The United States uses some 9 million barrels per day of gasoline, as well as 4 million barrels more per day of diesel fuel. It also uses 7 million barrels per day for other uses, including jet fuel for airplanes. As you may recall from our previous post, corporate commuting represents some 50% of the vehicle miles driven in a major city, or somewhere there abouts, but obviously much less in suburban or rural areas. On the other hand, some of the vehicle miles driven represent trucks using diesel fuel to ship goods. So corporate commuting actually represents substantially more than half of the gasoline consumption in a major city. Let’s ballpark it and say that corporate commuting accounts for half of the gasoline used in the United States every year, which is probably not a ludicrously out of line estimate. That is 4.5 million barrels per day. Or, more than we import from Canada and Mexico combined. Put another way, if those 4.5 million barrels per day were to somehow stop being used, the United States would ONLY need to import oil from Canada and Mexico, without relying on the Persian Gulf, Russia, or Venezuela at all.

Obviously, even if everyone started using Rideshare the number would not fall to zero. But this gives you an idea of what a large proportion of total oil use corporate commuting represents.
Rideshare is initially aiming for a 1-1 passenger-driver ratio in its carpools, though over time it hopes to bring this higher, and vanpools will have higher ratios right from the off. Transforming half of corporate commuters into passengers will cut the number of cars on the road in rush hour by half but cut oil use by considerably more than half, since drivers will spend much less time idling in traffic. Idling contributes about a third of total energy consumption in corporate commuting according to our calculations. So let’s assume that a 50% cut in drivers reduces idling by 75%(some idling is due to accidents, construction, etc.) This would mean that each percentage point of market penetration nationwide by Rideshare would reduce oil usage by 30,000 barrels per day, with a ceiling potential of 3 million barrels per day if we could somehow achieve 100% market penetration. Even 50% market penetration would reduce oil consumption by 1.5 million barrels per day, which is more than the United States imports from Saudi Arabia.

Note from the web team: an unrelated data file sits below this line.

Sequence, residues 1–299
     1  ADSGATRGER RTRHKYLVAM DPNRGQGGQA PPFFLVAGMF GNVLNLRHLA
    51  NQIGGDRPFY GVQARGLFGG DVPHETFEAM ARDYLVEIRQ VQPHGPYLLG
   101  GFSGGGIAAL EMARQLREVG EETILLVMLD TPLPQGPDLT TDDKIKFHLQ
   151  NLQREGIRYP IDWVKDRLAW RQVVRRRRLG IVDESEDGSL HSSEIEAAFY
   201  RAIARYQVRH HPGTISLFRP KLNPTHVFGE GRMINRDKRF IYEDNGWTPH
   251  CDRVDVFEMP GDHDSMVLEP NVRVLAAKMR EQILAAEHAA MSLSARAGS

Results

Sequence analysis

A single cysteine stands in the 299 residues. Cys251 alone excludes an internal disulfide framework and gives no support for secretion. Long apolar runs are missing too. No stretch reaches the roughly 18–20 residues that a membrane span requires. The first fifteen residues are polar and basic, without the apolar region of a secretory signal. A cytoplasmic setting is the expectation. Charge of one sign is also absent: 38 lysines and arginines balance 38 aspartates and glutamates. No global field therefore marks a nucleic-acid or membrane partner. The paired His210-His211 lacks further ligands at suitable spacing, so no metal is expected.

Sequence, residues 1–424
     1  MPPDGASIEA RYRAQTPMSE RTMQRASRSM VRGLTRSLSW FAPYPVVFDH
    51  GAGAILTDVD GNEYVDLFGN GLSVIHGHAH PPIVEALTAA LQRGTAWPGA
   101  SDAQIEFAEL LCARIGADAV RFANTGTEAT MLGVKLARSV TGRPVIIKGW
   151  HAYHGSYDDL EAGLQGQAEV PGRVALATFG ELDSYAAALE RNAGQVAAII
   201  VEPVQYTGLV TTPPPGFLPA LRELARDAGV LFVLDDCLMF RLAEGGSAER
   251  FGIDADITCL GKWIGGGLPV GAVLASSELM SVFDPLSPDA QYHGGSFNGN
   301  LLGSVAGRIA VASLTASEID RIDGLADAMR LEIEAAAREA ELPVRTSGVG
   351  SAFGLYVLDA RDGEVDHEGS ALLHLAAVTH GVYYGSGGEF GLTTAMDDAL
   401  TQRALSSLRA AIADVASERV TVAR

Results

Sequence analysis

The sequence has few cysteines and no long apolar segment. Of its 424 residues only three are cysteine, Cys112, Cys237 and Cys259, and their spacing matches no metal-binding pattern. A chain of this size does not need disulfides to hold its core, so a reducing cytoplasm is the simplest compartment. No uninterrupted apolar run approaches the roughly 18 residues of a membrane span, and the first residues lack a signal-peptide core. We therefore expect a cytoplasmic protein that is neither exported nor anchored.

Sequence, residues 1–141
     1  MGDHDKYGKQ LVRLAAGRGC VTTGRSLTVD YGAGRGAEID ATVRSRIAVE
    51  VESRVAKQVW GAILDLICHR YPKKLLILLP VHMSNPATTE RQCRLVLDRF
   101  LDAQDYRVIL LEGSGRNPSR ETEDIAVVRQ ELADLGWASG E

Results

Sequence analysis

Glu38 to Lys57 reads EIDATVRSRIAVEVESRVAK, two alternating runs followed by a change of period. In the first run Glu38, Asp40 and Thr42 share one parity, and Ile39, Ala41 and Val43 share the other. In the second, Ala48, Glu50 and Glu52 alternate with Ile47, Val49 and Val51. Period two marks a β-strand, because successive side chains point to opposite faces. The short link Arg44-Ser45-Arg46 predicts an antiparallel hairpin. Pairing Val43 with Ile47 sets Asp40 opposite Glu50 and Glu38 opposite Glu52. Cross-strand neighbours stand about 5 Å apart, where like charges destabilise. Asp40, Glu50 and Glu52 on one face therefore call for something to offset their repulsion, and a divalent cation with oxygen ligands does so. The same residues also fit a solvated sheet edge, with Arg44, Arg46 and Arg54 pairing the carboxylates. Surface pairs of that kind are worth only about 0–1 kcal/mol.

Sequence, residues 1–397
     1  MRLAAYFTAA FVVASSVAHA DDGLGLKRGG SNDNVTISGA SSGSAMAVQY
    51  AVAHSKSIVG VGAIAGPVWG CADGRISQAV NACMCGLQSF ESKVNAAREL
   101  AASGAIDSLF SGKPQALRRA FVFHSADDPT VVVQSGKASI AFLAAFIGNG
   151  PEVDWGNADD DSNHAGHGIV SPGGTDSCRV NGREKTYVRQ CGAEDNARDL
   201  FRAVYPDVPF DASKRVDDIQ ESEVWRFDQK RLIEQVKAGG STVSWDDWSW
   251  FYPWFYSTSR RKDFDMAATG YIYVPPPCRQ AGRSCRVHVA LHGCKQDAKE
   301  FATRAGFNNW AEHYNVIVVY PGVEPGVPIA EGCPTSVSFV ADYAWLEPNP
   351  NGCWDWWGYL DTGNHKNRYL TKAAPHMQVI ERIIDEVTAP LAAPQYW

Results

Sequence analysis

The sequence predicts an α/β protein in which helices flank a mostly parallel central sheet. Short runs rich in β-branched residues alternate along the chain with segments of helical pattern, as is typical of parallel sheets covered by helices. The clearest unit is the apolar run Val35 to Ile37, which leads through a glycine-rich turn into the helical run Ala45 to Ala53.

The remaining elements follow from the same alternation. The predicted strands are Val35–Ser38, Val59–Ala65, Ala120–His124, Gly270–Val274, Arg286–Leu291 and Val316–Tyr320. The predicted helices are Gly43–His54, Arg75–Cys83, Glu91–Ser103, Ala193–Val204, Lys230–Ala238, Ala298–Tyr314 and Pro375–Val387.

So, clearly, while it can’t do the whole job, Rideshare can make a substantial contribution to the U.S. national security by reducing our reliance on foreign oil considerably.

Monday, March 12, 2012

Cell Carrier Data Plans

Last week we discussed the need for smartphones to use Rideshare’s service and whether or not they should be accounted as a “cost” under our economic model. I think we’ve covered that pretty well, so here was our conclusion in a nutshell: the only marginal cost Rideshare might impose would be the need for some people who do not currently have data plans to get them. To examine what effect that would have on our analysis of Rideshare’s appeal to our members, I did some research on cell phone data plans.